Mountain Top Removal

               Mountain Top Removal mining is a form of surface mining that basically cuts off the top of a mountain, hill, or ridge to obtain coal. The miners typically blast down about 400 feet, and this is NOTHING compared to the size of the mountain. Many people are against this procedure, but I do not oppose. It is safer and more economical. A lot of people complain because it ruins the way the mountain looks, but I live in the heart of West Virginia (the widest-known state for using mountaintop removal), and I personally can tell you that you do not notice the area that they have blasted. As with anything, there are going to be pro’s and con’s

                To begin the process, the land is deforested…this contributes to the production of lumber so really, they are killing two birds in one stone. Once the area is cleared, miners use explosives and other devices to blast away the left debris such as rock and subsoil to expose the coal seams that are beneath. The overburden is moved mostly by vehicles to areas of the ridge that have already been mined. These areas are the best place for storage as they are located close to the active pit. When all the clearing is done, an excavator removes the coal and it is transferred to a processing plant. Once coal is removed, the miners put the overburden back. After this, they then put down topsoil, grass seed, fertilizer, and mulch…all the pretty things. The trees and plants are put back into place based on the land owner, if the trees are not replaced, the land can be used as pasture land, economic development, etc. The process sounds brutal, but it’s really not that bad.

               The issue with MTR is the environmental damage it does. It’s not the worst the environment has seen, but it’s not the best. Some of the problems that are argued about would be the debris and dust from blasting that circulates into the air and lands on private property around the area. Depending on the circumstances, it may a high amount of sulphur which can corrode structures and is a health hazard, but studies show that this isn’t always the case. Also, there is a particular problem with the burial of headwater streams from the valley fills.

               MTR is not the most environmentally safe way of mining, but it is the safest for the miners themselves. I would take this over underground mining any day. The underground mine explosions not only devastate the families and friends of the miners involved, it devastates the whole state. Our blood runs thick…and to know that there is a safer way of getting our energy, and a safer way for our boys to do their jobs makes you wonder why they aren’t using it everywhere.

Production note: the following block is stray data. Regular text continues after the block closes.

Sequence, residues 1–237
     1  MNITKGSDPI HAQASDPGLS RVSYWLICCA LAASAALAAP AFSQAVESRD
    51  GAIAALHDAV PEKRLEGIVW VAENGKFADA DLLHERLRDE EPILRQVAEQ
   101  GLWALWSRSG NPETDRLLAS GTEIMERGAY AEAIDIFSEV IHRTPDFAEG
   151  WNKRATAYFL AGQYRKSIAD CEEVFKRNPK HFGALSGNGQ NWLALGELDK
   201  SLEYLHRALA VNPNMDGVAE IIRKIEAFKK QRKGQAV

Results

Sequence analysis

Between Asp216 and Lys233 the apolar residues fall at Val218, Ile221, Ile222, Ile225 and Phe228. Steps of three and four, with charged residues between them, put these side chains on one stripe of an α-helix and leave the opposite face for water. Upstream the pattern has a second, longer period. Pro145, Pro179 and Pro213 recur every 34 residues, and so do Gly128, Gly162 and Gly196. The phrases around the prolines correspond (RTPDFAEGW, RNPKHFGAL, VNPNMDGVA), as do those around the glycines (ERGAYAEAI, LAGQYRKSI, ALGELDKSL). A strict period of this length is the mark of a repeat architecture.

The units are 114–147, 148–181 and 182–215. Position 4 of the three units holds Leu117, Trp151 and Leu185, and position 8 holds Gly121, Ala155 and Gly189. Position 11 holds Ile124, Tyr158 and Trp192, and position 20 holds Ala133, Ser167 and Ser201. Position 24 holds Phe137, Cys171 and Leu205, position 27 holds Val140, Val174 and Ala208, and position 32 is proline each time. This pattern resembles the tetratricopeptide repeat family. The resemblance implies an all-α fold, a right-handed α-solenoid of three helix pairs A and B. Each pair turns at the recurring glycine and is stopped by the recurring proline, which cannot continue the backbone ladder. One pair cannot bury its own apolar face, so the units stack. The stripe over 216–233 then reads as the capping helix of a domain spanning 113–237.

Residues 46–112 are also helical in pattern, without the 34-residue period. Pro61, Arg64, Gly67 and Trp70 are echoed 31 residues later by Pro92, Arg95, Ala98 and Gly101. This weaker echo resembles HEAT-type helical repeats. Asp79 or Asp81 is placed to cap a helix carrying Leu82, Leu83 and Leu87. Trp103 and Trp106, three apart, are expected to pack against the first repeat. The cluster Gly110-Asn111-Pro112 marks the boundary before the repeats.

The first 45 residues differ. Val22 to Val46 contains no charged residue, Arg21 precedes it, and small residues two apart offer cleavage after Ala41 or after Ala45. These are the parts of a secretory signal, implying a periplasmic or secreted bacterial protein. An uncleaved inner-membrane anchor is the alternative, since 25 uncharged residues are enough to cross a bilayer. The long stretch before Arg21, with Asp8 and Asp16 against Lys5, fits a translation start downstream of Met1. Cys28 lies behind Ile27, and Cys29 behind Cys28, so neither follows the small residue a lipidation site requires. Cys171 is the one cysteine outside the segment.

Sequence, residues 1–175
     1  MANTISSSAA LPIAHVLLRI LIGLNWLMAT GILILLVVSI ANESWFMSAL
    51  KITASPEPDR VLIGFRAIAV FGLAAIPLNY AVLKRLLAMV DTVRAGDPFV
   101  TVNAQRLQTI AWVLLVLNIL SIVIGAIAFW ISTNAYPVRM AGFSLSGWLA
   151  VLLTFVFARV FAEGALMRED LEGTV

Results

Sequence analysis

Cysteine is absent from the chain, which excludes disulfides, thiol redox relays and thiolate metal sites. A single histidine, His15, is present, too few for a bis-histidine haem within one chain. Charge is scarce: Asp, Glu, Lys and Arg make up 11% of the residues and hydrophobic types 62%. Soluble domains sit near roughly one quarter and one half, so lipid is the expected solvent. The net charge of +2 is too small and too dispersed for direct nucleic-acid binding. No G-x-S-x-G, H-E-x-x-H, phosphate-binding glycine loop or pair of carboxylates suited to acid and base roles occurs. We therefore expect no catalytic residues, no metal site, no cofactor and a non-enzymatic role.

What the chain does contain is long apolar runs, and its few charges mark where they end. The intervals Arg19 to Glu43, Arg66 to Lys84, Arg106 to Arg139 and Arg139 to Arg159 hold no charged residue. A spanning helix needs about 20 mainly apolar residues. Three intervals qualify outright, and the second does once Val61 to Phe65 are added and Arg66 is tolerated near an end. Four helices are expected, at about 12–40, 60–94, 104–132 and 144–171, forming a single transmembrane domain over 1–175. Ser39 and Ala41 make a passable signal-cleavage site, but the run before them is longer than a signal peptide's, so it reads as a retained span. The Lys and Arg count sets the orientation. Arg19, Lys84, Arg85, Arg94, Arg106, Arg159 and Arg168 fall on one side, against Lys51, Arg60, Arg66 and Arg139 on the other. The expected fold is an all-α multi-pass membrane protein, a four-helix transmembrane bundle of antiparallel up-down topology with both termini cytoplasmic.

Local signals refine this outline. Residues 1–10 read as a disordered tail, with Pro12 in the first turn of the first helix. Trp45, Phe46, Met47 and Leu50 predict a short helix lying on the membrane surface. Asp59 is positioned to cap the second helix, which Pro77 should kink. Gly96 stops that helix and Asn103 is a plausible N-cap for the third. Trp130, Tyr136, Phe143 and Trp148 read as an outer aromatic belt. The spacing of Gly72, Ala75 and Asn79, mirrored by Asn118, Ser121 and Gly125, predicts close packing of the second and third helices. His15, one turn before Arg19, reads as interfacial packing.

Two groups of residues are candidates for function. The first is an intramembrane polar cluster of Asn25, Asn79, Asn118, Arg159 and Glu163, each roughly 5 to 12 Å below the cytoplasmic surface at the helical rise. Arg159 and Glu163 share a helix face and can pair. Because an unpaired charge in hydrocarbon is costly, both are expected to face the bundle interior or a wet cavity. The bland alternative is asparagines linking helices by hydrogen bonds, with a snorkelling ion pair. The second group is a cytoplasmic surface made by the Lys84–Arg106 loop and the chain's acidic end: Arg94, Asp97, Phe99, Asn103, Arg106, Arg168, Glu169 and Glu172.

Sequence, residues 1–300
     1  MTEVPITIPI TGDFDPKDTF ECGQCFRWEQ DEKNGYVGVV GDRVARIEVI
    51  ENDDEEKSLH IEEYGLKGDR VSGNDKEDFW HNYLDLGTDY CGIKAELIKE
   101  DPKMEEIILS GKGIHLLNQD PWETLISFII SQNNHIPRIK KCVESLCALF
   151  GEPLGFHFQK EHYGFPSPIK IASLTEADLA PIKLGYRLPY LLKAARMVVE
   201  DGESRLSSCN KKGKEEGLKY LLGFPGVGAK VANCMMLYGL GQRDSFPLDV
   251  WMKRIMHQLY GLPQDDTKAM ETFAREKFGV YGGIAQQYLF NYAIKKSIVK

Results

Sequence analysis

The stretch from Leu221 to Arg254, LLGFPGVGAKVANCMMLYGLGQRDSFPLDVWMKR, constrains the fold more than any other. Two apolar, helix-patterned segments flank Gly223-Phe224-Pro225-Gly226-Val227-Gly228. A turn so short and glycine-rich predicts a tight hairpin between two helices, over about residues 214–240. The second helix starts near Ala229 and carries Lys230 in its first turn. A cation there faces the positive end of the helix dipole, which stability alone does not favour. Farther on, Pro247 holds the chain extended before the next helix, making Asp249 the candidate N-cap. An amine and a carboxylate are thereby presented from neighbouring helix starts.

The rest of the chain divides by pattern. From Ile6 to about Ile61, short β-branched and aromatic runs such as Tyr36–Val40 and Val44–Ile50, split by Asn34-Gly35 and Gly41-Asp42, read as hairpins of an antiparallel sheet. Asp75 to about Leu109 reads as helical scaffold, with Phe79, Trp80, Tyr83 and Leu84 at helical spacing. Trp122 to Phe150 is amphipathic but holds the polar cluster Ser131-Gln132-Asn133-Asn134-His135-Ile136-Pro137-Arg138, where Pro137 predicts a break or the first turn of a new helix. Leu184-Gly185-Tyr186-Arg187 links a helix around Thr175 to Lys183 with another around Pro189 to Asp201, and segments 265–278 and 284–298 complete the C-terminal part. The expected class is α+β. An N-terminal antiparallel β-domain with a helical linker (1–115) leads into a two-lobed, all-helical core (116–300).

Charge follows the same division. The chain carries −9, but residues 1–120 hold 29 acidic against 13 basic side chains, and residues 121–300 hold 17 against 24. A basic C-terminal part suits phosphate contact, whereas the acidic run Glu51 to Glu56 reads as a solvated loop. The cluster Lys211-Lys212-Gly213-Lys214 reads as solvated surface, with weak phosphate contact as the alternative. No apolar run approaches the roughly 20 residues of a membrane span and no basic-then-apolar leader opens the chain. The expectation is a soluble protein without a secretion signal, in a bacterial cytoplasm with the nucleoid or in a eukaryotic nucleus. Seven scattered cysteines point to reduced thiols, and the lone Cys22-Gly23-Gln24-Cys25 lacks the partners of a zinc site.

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One Response to Mountain Top Removal

  1. Join us on September 25-7 in Washington, D.C. at Appalachia Rising, a mass mobilization calling for the abolition of mountaintop removal and surface mining. Appalachia Rising is is a national response to the poisoning of America’s water supply, the destruction of Appalachia’s mountains, head water source streams, and communities through mountaintop removal coal mining. It follows a long history of social action for a just and sustainable Appalachia.
    Appalachia Rising strives to unite coalfield residents, grass roots groups, individuals, and national organizations to call for the abolition of mountaintop removal coal mining and demand that America’s water be protected from all forms of surface mining.

    Appalachia Rising will consist of two events. First, the weekend conference, Sept. 25-26, Appalachia Rising, Voices from the Mountains will provide an opportunity to build or join the movement for justice in Appalachia through strategy discussions and share knowledge across regional and generational lines. The second event on Monday, Sept.27, is the Appalachia Rising Day of Action which will unify thousands in calling for an end to mountaintop removal and all forms of steep slope surface mining though a vibrant march and rally. An act of dignified non-violent civil disobedience will be possible for those who wish to express themselves by risking arrest.

    For more info, visit appalachiarising.org

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